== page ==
2

I found existing questions(1)(2)(3) about square sensors, but those would be excessive for the purpose described here.

Introduction

For low aspect ratio photos, e.g. 1:1, 6:5, 5:4, and 4:3, the 3:2 ratio of APS-C and 35mm sensors wastes a significant portion of the image circle. A fairly modest 28% increase in sensor area allows:

  1. All ratios from 3:2 to 1:1 to make native use of the lens, providing 61% more image area in the case of 1:1 (square) photos
  2. Electronic viewfinder (live-view) overscan for easier subject tracking
  3. Aspect ratio to be chosen in post-processing without additional cropping, if the full sensor readout is saved.
  4. Correction of barrel distortion with less or none of the cropping typically incurred

Formats like 5:4 and 1:1 may be less popular than 3:2 but they are hardly rare. The fractional increase in sensor area (and the mechanical and electronic changes needed to support it) shouldn't have a major effect on price; it wouldn't push a camera into a different class entirely (cf. the ~132% sensor area increase from APS-C to 35mm). Even at significant cost this would be a fine differentiating feature for flagship cameras; since it is often stated that lenses are the primary investment in a photographic system getting the most out of them should be a strong selling point.

Given the benefits listed above, illustrated below, I have to wonder why isn't this already commonplace on high-end cameras? Is there something that makes manufacturing a sensor, shutter, or IBIS unit 28% taller really that prohibitive? Are the benefits I believe exist incorrect or unappealing? Are people simply unaware of this technical option and therefore haven't voiced a demand for it?

Preemptively addressing possible concerns:

  • File size, buffer speed, etc. should remain for same for a selected 3:2 aspect
  • A standard 3:2 EVF could be used by simply displaying other formats a bit smaller
  • Vignetting need not be shown unless a full-sensor-readout option is specifically selected

Image area

For APS-C lenses my proposal would be a 23.50mm × 19.95mm sensor, shown in figure 1 in light blue along with standard APS-C and 35mm "full frame" sizes (wine and pink respectively) overlaid with the the APS-C minimum image circle. Figure 2 highlights the substantial difference in image area between a 1:1 crop of the APS-C sensor (green), and the native 1:1 frame (dashed).

Figure 1

Figure 2

Subject tracking

Referencing the figure 1, if a standard 3:2 image is desired there is unused area of the proposed sensor. This can be put to good use to provide a wider view in the electronic viewfinder which would make it easier to track a subject, e.g. birds in flight. (Appropriate crop guides for the target format would be overlaid.)

Ad hoc crop in post

If an option is provided to save the full sensor readout to RAW (or JPEG for that matter) one could defer the decision of aspect ratio to post without any additional cropping. This could be used to save a poorly composed photograph, or simply for changing artistic desire. It would also improve the ability to meet a client's request for printing a given image in a specific format, e.g. 8×10, 11×14 20×24.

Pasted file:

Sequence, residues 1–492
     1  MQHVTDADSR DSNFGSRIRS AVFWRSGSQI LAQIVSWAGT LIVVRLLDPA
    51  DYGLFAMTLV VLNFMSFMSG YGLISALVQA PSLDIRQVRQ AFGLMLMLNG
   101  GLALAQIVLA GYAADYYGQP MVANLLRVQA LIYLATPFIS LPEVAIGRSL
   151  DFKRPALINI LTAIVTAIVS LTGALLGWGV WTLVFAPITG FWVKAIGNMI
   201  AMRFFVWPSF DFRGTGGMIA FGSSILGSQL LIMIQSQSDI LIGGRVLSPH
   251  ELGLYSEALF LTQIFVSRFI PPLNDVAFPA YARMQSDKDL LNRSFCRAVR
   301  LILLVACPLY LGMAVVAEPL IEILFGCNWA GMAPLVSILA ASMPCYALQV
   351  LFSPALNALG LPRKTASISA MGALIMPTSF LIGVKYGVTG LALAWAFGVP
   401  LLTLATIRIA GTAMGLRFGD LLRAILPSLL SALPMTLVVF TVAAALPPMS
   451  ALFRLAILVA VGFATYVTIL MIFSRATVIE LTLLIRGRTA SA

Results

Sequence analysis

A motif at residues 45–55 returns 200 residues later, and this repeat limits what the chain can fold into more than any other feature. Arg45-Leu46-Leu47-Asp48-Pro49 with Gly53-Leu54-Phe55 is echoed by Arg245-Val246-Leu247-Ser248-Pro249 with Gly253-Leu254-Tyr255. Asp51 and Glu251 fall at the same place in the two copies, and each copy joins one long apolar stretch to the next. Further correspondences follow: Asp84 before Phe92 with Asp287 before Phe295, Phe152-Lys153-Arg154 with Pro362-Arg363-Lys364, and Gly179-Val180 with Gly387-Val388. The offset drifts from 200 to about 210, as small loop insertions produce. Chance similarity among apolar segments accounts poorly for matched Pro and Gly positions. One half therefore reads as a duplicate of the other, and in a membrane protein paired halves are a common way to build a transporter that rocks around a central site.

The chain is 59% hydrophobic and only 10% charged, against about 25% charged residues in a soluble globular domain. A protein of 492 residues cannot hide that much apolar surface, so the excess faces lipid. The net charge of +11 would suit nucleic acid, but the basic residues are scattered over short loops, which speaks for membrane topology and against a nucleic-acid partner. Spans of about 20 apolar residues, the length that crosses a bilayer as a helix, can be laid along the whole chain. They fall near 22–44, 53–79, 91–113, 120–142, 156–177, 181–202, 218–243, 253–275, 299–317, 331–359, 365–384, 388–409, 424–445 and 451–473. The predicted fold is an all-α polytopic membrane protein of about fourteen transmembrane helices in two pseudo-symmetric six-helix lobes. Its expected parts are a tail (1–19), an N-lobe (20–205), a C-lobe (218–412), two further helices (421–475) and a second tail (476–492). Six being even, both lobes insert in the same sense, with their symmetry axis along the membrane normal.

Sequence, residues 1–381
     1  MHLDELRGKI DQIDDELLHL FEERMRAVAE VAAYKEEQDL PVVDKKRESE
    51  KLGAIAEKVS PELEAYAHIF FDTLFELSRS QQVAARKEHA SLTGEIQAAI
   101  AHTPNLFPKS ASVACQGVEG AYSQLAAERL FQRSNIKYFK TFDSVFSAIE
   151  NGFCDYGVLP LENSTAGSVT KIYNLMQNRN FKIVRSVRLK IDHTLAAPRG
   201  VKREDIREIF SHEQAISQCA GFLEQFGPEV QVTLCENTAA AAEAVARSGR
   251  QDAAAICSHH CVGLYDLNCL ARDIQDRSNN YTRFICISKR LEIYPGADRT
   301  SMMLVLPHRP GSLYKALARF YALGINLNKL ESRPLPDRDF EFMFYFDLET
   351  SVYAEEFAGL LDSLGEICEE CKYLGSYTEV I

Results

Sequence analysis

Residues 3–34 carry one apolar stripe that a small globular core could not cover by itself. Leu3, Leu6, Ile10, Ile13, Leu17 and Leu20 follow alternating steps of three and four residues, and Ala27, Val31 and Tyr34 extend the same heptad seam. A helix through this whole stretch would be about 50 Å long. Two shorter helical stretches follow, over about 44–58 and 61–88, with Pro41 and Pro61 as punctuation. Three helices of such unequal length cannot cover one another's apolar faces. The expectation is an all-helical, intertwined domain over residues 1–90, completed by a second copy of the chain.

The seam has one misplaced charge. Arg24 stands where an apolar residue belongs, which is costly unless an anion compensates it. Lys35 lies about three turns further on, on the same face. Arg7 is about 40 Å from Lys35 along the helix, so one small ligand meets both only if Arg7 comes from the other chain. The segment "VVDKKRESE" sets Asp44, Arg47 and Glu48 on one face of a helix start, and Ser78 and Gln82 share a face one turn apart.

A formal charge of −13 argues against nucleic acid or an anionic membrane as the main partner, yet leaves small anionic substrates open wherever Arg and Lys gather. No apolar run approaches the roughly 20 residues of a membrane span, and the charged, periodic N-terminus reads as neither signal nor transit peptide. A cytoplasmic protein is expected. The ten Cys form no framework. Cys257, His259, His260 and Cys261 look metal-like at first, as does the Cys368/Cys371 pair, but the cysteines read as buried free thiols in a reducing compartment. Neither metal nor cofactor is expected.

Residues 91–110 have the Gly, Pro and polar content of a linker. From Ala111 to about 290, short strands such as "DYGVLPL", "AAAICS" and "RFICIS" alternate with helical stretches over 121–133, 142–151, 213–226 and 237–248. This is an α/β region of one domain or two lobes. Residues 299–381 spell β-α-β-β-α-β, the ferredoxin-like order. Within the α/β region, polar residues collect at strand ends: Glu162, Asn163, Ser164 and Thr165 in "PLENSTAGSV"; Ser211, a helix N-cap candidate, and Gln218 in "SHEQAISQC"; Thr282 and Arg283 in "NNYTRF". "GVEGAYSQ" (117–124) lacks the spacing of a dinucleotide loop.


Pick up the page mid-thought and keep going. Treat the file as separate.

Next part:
Barrel distortion

Barrel distortion, common in wide-angle lenses, typically requires additional cropping (yellow frame) after correction—either in-camera or post—because the sensor (green frame) does not capture all of the distorted image. (fig. 3)

Figure 3

Without changing the image circle it is still possible to capture a wider usable angle of view if the sensor is extended. (fig. 4) Obviously the recoverable area depends on the aspect ratio, with only the top and bottom recoverable at 3:2 and only the sides at 1:1.

Figure 4

recoverable image
recoverable image

Addendum

Wafer die yield

An answer made the claim

A sensor area with more square aspect ratio leads to considerably worse wafer yields.

Attempting an approximation using CALY die yield calculator I see a 35% increase in cost for the proposed sensor over APS-C, compared to a 232% increase for 35mm.

Standard APS-C 23.50 × 15.60 die on a 300mm wafer:

Using the proposed 23.50 × 19.95 die with the same parameters:

As expected a far higher yield than 35.7 × 23.8 "full frame":

  • 1
    "multi-aspect sensor" seems like something you've made up / a sensor larger than the imaging circle. – xiota Nov 2 at 23:55
  • "The fractional increase in sensor area... shouldn't have a major effect on price;" -- You're proposing the creation of a new sensor format with an aspect ratio no one else uses. The development and low volume would result in a higher price. – xiota Nov 2 at 23:58
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    @xiota (1) Panasonic has this on some of their Micro Four Thirds cameras, though they cover 16:9 to 4:3 I think instead of 3:2 to 1:1, and I think that's what they call them. (2) If most flagship APS-C cameras used this format the economy of scale would exist; of course someone has to be first but it's not like introducing an entirely new lens mount etc. – Mr.Wizard Nov 3 at 0:06